Analysis of the Current Health Policy Issues – Health System Example

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"Analysis of the Current Health Policy Issues" is a wonderful example of a paper on the health system. Access to healthcare is a basic right of every human being. Health is an important constituent of the social policy devised by a country. For instance in the US, the money spent on health and healthcare services as a fraction of the GDP averages to about 14% (Lee, Buse, & Fustukian, 2002). In fact, much of the policy reforms that have been taking place over the past twenty years have been in healthcare. Therefore the subject of health policy assumes a universal characteristic.

The reason for such an emphasis on health policy stems from the importance it has in determining the progress of the country (Lee, Buse, & Fustukian, 2002). There are many agencies that are working for the promotion of health at the state and the federal level. One such program that has been launched for the promotion of the health of the less-privileged is Medicaid. This program has been referred to as the healthcare program for the poor since it was founded in 1965.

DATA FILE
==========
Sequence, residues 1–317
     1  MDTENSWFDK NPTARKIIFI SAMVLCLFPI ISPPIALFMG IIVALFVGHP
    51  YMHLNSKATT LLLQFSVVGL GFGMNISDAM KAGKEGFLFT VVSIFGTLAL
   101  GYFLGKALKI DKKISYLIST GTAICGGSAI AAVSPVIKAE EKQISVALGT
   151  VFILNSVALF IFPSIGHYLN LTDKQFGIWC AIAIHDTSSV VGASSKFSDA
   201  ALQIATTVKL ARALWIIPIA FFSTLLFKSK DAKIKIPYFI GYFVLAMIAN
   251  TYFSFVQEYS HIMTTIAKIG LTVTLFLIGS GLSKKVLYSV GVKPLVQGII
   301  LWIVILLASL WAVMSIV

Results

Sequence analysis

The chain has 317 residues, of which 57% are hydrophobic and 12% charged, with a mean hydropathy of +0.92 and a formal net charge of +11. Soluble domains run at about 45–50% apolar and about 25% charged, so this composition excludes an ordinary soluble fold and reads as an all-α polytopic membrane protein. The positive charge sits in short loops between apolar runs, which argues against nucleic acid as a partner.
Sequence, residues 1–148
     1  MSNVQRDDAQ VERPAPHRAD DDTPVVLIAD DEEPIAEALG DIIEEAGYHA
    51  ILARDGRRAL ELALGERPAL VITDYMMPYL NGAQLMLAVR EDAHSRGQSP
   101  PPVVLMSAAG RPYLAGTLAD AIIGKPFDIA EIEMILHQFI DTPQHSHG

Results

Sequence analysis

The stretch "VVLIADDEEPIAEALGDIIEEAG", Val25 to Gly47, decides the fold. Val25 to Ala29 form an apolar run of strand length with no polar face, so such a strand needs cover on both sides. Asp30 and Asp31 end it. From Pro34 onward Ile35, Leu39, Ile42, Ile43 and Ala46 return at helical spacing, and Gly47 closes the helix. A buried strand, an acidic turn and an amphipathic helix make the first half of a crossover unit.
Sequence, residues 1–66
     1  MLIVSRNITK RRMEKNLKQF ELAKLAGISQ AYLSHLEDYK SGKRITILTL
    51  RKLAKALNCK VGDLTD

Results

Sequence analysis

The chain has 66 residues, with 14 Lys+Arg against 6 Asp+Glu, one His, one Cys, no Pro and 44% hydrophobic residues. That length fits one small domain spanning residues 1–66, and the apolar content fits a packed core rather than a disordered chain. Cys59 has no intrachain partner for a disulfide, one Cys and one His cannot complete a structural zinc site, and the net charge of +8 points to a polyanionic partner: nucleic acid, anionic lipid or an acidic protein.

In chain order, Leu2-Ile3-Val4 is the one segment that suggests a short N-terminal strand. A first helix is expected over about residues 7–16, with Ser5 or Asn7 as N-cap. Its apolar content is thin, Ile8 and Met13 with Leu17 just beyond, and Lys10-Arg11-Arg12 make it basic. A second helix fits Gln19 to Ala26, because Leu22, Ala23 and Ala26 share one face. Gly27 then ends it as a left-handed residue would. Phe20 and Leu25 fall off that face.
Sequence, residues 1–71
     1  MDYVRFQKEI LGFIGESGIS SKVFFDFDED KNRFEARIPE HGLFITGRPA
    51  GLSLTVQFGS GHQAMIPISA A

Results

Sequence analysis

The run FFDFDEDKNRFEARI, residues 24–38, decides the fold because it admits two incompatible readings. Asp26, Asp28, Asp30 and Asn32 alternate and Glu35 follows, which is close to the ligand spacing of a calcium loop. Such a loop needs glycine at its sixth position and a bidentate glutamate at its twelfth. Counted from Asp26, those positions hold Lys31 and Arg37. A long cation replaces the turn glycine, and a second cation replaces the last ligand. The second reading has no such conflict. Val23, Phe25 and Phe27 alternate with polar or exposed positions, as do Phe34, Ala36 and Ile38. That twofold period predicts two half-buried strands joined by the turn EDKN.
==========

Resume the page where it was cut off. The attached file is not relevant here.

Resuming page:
Medicaid is also responsible for the provision of medical homes for children with chronic medical conditions. There is an allowance in the health reform legislation for states which have increased Medicaid funding to establish health homes for individuals who are suffering from some chronic medical condition. Although the tentative date for the provision of these health homes is on 1 January 2011, work has already ensued at a fast pace. The program would make accommodations for children as well, providing them with healthcare services to manage their chronic conditions (Ossman, 2010).